# LM2907 TACH CIRCUIT .. NEED HELP BADLY

Discussion in 'General Electronics Chat' started by ivan_the_red, Dec 16, 2008.

1. ### ivan_the_red Thread Starter Member

Dec 7, 2008
11
0
I have been trying for some time now to create a circuit that will read a pulse frequency from my distributor and convert it to a voltage that will change with the engines r.p.m. (like a tachometer). I have done all of the calculations according to the chip makers data sheet but still cant figure out why this circuit wont work correctly. I'm a newbie to electronics and still have alot to learn, but I really need some help at this point. I have attached a schematic along with the calculations for someone to pick apart. Any help surely would make my day...
Thanks

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2. ### SgtWookie Expert

Jul 17, 2007
22,201
1,809
You probably fried the IC.

That's easy to do in automotive environments. You need to ensure that the IC gets clean, regulated voltage - with no spikes. A single spike will kill the IC.

You just show 12V in. I'll tell you what though, it's a terrible hash of noise that's on that input. If you try to run it from "car voltage" (the vehicles' electrical system) without regulation and protection, you're in for a world of hurt (the chip will get fried, and your circuit won't work.)

Just FYI.

Why don't you give some more detail about how you're supplying voltage to this IC?

3. ### ivan_the_red Thread Starter Member

Dec 7, 2008
11
0
The IC is powered directly from the "+" and "-" terminal of the car's battery without any additional circuitry. The frequency input is tapped from a lead that exists on the distributor. Does this circuit and its calculations look o.k. ? , if they do then how can I protect the circuit from the input spikes from the battery, can you help me out with a schematic, because I probably dont know enough to construct one just by an explaination? or do you suggest using a seperate regulated supply from another battery (ie 9v)?.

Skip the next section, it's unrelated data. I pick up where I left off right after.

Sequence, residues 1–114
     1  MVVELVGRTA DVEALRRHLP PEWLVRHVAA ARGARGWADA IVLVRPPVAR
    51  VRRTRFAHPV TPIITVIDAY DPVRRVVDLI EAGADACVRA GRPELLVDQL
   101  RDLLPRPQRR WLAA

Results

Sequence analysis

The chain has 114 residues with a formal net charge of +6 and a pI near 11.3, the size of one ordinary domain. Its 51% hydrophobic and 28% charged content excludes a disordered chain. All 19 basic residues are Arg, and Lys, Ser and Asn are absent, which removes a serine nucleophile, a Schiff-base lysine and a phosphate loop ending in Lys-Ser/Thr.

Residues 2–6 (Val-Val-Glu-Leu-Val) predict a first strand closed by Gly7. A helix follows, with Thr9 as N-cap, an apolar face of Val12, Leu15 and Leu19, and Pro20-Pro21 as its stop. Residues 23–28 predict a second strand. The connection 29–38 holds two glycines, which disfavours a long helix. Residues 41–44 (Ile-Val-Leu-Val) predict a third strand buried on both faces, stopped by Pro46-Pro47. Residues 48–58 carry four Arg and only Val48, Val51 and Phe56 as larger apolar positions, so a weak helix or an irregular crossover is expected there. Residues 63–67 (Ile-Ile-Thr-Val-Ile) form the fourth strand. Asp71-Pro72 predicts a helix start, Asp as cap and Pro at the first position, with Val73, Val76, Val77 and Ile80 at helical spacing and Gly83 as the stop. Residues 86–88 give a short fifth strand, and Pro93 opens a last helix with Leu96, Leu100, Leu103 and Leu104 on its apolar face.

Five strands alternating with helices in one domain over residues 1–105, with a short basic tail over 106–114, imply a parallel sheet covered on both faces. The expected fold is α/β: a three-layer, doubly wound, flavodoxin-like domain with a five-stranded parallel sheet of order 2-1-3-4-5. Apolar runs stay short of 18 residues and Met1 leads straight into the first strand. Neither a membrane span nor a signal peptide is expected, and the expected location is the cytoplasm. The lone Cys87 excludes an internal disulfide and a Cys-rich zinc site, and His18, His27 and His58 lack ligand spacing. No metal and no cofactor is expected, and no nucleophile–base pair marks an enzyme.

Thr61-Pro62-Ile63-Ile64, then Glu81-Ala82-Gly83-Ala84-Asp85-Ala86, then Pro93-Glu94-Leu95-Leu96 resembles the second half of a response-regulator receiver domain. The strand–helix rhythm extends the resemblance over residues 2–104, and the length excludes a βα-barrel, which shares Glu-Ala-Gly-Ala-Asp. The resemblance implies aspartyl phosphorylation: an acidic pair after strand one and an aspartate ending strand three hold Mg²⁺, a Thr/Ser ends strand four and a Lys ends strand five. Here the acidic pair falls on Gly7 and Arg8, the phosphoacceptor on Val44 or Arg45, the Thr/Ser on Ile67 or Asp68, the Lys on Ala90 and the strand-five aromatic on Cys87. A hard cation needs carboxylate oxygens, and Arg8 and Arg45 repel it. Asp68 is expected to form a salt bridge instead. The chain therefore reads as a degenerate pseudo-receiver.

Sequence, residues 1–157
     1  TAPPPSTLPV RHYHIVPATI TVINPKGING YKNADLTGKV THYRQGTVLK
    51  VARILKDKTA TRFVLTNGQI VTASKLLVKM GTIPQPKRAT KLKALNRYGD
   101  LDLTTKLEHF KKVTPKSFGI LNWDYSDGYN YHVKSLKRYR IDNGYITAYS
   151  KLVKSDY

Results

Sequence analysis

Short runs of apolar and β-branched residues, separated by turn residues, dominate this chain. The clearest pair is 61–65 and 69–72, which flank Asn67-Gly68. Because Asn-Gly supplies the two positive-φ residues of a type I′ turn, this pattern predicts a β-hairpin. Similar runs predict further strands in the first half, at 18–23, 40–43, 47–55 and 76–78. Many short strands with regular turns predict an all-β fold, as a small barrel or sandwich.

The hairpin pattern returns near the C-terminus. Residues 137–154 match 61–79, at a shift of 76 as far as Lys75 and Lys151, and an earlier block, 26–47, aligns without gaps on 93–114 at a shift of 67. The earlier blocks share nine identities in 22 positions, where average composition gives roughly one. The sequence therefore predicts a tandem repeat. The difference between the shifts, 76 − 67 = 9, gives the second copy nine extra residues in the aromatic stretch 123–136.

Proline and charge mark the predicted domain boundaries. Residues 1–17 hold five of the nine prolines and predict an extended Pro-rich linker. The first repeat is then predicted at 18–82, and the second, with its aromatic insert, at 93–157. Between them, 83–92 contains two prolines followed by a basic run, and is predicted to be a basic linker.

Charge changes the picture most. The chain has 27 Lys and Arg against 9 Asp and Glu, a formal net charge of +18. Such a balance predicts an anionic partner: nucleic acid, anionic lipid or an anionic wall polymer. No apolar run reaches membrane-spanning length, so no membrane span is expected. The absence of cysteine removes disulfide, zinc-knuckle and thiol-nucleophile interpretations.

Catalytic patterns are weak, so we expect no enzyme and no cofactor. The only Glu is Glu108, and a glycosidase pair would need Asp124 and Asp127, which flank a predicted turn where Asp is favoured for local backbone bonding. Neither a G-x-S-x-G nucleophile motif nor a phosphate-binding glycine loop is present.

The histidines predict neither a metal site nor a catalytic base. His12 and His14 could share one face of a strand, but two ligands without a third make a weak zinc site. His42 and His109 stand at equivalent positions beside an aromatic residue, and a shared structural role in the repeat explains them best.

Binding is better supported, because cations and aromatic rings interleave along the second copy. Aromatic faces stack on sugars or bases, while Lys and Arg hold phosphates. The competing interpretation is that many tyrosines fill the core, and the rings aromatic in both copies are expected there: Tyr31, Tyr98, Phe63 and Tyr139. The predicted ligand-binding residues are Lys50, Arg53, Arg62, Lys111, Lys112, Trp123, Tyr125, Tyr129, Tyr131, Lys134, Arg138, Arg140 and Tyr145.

B.T.W. Thanks for replying, I really do appreciate it.

4. ### mik3 Senior Member

Feb 4, 2008
4,846
70
Use a LM7805 voltage regulator to regulate the battery's voltage down to 9V. Also, use capacitor filters on the input/output of the voltage regulator and a transient suppressor on the input of the voltage regulator.

5. ### ivan_the_red Thread Starter Member

Dec 7, 2008
11
0
Thanks Mik3,

Did you happen to look at the circuit? Nobody has been able to tell me if it looks correct yet.

6. ### Audioguru Expert

Dec 20, 2007
11,249
1,349
You have pin 10 connected to ground and pin 11 connected to the output. They are connected backwards.
Pin 10 should connect to the output and pin 11 should connect to ground.

You should have used the LM2917N that has a zener diode voltage regulator but you can use your LM2907N with an external zener diode and current-limiting resistor or use a voltage regulator IC.

7. ### ivan_the_red Thread Starter Member

Dec 7, 2008
11
0
Thanks for taking a look at my schematic. Do those calculations look correct? Before I recalculate for using a 9v (LM7809 Circuit) I want to make sure that everything else is being figured out correctly. Can you offer any assistance on figuring out the value for C2 (Ripple capacitor)? I dont understand what "pk-pk" means in the attached formula.

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8. ### Audioguru Expert

Dec 20, 2007
11,249
1,349
I didn't look at the frequency calculation.
Vripple is the amount of unsmoothed AC from the input that occurs at the output.

p-p is peak-to-peak. It is the amplitude of ripple measured.

9. ### kathapurushan Member

Dec 17, 2008
14
0
try using a schmitt trigger at the output with p.s viltage as +5 volts. u will get square wave. try a differentiator to conver the square to pulse .

10. ### ivan_the_red Thread Starter Member

Dec 7, 2008
11
0
Do these calculations look correct, I'm concerned about the value for the C1 capacitor. (see attached image)

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